One of the pieces I selected for the Philharmonic’s Halloween concerts is Modest Mussorgsky’s Night on Bald Mountain. (You might recall this from watching Disney’s Fantasia, specifically the final sequence with the mountaintop demon summoning spirits.) This piece isn’t so much thematically relevant as it is super creepy, and therefore appropriate for Halloween performances.

This next piece is not one that the Philharmonic performs, but rather one that is important to Olivia’s music nerd friend, Henry. It’s a piece he listens to frequently and has special meaning for him. I can’t say much more about that without ruining Henry’s backstory for you. But! I can share with you this gorgeous piece of music, the second movement of Beethoven’s 7thSymphony. Seriously, close your eyes and let this gorgeous, bittersweet music sweep over you, and feel your soul soar. (Cheesy, but true. Seriously.)


Pines of Romeby Ottorino Respighi is one of my favorite pieces, along with its less famous and less often performed companion pieces, Fountains of Rome and Roman Festivals. The third movement of Pines, “Pines of the Janiculum,” is an absolutely gorgeous piece of music. I often listen to it with my eyes closed and let myself get swept away on its sumptuous melodic lines. (You might recognize some of this movement from the flying whales sequence of Fantasia 2000.) The Philharmonic performs this piece in January, and during one of the rehearsals, Olivia and Henry sit in the audience listening, Olivia with her sketchbook and Henry with his homework. As the music washes over them, Olivia imagines herself flying through “a dark, cool forest of pines, drifting lazily through the branches like a bird, like the wind, like a ghost . . . ” It is then that Olivia has an epiphany and figures out an important piece of information regarding the ghosts Tillie and Jax. Of course, you’ll have to read the book to find out what that is!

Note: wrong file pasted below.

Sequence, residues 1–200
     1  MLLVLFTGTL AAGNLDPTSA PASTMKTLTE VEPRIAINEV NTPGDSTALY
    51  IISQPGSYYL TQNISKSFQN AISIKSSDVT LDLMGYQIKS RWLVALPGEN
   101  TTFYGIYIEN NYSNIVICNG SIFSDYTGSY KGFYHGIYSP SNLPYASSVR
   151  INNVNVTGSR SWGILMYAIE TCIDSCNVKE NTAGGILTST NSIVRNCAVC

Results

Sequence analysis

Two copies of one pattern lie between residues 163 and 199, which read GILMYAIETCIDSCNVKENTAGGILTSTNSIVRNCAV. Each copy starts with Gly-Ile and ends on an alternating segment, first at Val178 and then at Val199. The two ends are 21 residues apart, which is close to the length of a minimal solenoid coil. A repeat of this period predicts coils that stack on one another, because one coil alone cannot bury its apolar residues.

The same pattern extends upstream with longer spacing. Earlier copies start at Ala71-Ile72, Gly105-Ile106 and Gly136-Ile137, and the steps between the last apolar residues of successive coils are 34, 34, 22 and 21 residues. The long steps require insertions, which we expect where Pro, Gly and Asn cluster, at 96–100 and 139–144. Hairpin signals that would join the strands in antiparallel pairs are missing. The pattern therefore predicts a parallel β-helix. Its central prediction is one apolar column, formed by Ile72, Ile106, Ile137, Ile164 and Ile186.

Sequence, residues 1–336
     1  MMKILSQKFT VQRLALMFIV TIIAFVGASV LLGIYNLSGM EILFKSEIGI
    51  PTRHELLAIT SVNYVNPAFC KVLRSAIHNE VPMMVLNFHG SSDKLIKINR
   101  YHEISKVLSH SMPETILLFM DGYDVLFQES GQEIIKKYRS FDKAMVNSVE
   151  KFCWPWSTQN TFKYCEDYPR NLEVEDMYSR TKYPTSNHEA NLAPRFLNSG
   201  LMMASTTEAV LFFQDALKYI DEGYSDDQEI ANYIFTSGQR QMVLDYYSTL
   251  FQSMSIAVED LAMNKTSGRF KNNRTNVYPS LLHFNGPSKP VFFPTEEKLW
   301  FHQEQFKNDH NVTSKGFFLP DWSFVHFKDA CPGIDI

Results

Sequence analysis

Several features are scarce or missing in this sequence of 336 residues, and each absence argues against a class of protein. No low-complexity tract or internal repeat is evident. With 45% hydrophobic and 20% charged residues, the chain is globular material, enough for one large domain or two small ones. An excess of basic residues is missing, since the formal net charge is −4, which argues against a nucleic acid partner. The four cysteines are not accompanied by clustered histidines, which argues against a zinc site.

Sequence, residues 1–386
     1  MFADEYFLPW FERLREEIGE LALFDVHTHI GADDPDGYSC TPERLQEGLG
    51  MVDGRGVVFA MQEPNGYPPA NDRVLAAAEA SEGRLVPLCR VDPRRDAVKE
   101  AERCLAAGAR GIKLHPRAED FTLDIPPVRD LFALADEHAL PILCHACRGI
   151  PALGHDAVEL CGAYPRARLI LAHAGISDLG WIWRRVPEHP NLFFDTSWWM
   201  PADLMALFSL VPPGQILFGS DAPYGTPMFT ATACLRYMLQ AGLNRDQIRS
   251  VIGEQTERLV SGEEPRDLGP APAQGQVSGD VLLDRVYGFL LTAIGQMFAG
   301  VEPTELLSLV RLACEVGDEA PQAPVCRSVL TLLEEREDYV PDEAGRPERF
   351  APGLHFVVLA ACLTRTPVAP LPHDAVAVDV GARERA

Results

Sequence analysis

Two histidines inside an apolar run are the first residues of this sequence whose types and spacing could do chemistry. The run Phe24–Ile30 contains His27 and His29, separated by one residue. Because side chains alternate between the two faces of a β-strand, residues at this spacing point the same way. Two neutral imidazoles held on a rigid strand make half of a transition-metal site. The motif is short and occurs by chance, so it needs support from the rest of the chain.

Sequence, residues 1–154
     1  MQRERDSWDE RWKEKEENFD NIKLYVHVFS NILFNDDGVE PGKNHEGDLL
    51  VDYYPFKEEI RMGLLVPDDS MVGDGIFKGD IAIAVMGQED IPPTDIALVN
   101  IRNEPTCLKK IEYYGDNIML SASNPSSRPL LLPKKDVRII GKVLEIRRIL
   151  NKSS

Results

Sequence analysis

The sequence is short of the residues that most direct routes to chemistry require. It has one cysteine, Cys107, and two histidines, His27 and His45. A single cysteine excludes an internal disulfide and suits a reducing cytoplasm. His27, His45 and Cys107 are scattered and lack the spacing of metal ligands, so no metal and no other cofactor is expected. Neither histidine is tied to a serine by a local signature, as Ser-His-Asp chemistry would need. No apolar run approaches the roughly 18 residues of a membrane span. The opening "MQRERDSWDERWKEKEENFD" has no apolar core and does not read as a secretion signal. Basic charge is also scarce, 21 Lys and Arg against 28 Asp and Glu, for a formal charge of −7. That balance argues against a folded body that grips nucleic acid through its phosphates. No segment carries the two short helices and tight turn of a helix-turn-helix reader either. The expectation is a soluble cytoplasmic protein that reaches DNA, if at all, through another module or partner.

In February, the Philharmonic performs pieces appropriate for Valentine’s Day (and also appropriate, tragically, given the failed marriage of Olivia’s parents and the lovelorn state of the Maestro). One of those Valentine’s Day pieces is Tchaikovsky’s (can you tell I like him?) Romeo and Juliet Fantasy-Overture, which tells the story of Romeo and Juliet in gloriously romantic fashion. The Philharmonic performs Romeo and Juliet during one of the first concerts during which the ghosts begin haunting the audience, creating a sensation Olivia hopes will save the orchestra. As Olivia, Henry, and their friend Joan watch the ghosts carry out their rehearsed haunting strategy, Olivia and Joan, on the catwalk, look down and see the audience being swept away by the music. It’s a moment during which Olivia starts to rediscover her love of music and of the orchestra, something she never thought she could find again. She describes it thusly:
            Have you ever watched people when they don’t know you’re watching them? Like in a movie theater or a concert. When people get caught up in watching something, their faces change. The lines on their faces get softer, because whatever they’re watching has made them forget how they think they’re supposed to be looking. Instead they just are—just sitting there, listening and watching and being real.
            Goosebumps broke out on my skin. It was about four minutes into Romeo and Juliet, when those spooky notes start out low in the strings and then drift up high, and the harp floats right on top of it.
I love this piece. It’s one of my favorites, and when I was in the University of North Texas Symphoy Orchestra during music school, I got to perform it! It was one of the most magical performances of my musical career. Just listen to this gorgeousness: